In 2021 the Gropius Bau in Berlin dedicates a major retrospective to the artist Yayoi Kusama.
Yayoi Kusama, Portrait © YAYOI KUSAMACourtesy: Ota Fine Arts, Victoria Miro & David Zwirner
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The exhibition, the first ever organized in Germany, will retrace 70 years of the famous Japanese artist’s career, reconstructing her exhibitions and the most famous “infinity mirror rooms”.
The great retrospective – the first ever organized in Germany – which will open on March 19, 2021 at the Gropius Bau in Berlin is dedicated to one of the most famous artists in the world.Yayoi Kusama: A Retrospective is the title of the exhibition that will retrace 70 years of career of the artist (Matsumoto, 1929), highlighting in particular the influence his art has had in Europe.
The exhibition will reconstruct eight exhibitions by Kusama held from the years 1952 to 1983, thus illustrating how the Japanese artist’s work has developed over the decades.The retrospective begins with the exhibitions set up in his hometown, Matsumoto, Yayoi Kusama Solo Exhibition and Yayoi Kusama Recent Works (1952), in which the immersive nature of his subsequent research already emerged. In 1963 it will then be the turn of Aggregation: One Thousand Boats Show, Kusama’s first environmental installation in New York, which included a wooden rowboat covered with phallus-shaped objects made of white fabric.
Yayoi Kusama, Infinity Mirror Room – Phalli’s Field, 1965© YAYOI KUSAMA, courtesy: Ota Fine Arts, Victoria Miro
This motif then reappeared in the 1964 Driving Image Show in New York where, in 1965, he created his first Infinity Mirror Room, or the type of installation that made the artist famous all over the world. It is a series of sprawling inflatable sculptures, brightly colored and covered with polka dots (a typical Kusama sign), enclosed in a room full of mirrors. The continuous play of reflections thus creates the illusion of an infinite space, a fantastic and psychedelic world governed by the singular creatures created by the artist.For the 1965 Infinity Mirror Room, titled Phalli’s Field, Kusama created a field of fouls, in which visitors were invited to explore and immerse themselves. “Polka dots are a way to infinity”, Kusama explained in 1968. “When we cancel nature and our body with polka dots, we become part of the unity of our environment. I become part of the eternal and we cancel ourselves in Love “.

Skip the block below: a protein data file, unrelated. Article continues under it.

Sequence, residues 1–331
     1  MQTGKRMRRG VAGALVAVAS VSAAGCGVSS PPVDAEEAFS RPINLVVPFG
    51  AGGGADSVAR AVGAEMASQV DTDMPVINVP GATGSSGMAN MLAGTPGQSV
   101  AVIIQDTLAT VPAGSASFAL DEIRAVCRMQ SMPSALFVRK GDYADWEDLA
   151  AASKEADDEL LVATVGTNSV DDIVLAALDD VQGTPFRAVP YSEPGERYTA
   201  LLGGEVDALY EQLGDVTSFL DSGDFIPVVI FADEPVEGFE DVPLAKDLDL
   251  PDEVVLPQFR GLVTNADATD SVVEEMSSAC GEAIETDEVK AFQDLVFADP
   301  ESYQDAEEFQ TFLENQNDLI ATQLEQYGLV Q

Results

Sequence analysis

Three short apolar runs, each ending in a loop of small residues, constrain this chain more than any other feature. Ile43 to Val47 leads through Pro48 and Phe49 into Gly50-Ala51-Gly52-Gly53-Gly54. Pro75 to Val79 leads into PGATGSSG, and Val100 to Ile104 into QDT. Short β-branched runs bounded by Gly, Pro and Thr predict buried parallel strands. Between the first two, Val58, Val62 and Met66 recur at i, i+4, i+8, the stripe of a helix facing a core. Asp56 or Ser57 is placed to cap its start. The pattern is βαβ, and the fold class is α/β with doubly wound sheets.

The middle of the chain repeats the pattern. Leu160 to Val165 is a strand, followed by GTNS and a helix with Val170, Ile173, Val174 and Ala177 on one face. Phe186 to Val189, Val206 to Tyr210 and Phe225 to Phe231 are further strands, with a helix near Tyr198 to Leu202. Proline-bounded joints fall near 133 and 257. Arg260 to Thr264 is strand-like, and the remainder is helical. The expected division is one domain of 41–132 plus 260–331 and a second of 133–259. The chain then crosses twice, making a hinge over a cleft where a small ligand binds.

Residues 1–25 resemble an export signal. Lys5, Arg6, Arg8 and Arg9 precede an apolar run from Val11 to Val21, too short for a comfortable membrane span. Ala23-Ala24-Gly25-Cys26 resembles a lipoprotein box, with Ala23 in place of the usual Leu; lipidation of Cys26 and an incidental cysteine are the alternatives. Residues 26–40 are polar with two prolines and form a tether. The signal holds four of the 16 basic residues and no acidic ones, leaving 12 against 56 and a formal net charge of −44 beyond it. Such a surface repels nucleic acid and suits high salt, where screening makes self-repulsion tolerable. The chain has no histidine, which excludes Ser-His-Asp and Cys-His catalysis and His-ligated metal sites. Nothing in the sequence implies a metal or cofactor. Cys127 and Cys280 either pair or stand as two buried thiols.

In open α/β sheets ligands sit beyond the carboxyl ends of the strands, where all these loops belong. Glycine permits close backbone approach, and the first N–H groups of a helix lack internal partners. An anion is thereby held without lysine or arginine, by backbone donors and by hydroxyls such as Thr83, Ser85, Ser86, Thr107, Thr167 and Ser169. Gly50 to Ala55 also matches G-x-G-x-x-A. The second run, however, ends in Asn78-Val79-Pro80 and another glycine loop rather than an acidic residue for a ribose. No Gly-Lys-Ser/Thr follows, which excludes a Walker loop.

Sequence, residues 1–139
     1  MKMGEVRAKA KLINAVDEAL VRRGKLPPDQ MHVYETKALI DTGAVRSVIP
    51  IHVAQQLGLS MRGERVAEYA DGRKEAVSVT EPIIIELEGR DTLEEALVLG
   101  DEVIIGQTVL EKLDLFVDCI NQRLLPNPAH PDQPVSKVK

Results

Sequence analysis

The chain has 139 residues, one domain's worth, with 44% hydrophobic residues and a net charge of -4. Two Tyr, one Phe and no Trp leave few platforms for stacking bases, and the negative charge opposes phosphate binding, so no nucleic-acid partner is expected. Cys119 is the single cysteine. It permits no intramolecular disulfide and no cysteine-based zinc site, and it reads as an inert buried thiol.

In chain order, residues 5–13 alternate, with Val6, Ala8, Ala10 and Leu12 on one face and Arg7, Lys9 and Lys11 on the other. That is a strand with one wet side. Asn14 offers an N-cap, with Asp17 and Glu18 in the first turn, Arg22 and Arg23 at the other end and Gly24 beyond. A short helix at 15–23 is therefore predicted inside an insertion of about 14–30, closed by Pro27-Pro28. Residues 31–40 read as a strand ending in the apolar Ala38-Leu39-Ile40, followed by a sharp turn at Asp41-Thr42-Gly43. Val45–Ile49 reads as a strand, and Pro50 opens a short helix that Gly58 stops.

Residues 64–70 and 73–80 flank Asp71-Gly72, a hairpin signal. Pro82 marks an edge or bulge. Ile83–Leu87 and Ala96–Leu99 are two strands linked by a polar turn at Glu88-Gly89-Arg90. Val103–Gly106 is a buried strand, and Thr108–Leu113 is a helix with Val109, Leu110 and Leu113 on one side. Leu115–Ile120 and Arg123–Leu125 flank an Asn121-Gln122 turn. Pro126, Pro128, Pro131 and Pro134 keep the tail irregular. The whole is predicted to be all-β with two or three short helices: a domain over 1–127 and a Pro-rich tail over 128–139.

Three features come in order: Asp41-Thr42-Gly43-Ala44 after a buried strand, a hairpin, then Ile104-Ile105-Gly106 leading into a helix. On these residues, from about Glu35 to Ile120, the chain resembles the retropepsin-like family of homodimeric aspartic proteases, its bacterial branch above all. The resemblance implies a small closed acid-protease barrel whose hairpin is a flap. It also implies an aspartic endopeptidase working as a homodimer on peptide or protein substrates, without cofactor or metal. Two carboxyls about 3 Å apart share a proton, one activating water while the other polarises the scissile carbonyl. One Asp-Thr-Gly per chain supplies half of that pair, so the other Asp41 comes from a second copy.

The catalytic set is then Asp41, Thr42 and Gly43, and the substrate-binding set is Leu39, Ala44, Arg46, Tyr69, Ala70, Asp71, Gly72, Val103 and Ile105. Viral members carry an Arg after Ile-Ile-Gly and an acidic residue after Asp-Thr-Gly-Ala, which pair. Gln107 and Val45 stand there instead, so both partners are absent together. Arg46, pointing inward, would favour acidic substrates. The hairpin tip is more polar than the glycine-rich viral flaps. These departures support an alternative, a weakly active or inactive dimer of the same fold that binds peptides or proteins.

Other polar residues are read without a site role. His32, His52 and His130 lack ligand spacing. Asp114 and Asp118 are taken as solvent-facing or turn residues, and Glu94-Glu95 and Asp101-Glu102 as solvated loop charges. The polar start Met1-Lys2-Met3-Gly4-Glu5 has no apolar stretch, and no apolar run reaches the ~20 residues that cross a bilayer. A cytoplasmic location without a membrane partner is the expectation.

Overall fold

“We are delighted that our Yayoi Kusama retrospective showcases the work of a visionary artist,” said Stephanie Rosenthal, director of the Gropius Bau. “Kusama not only established a unique status in the art world of the 1960s with her multidisciplinary practice, but her political statements also contributed to the feminist debate of the time. Some issues that have not lost their importance today can be found from the earliest stages of his work. Reconstructing innovative exhibitions, which Kusama herself has designed down to the smallest detail, this retrospective will reflect on the artist’s presence in Germany and retrace the development of her art from the 1950s. One of the objectives of the Berlin exhibition “, concludes Rosenthal,” is to address his artistic personality and emphasize the important role he played in an international network of artists, critics, curators and galleries “.The exhibition will include a new Infinity Mirror Room, recent paintings and an installation in the atrium of the Gropius Bau, created specifically for the exhibition.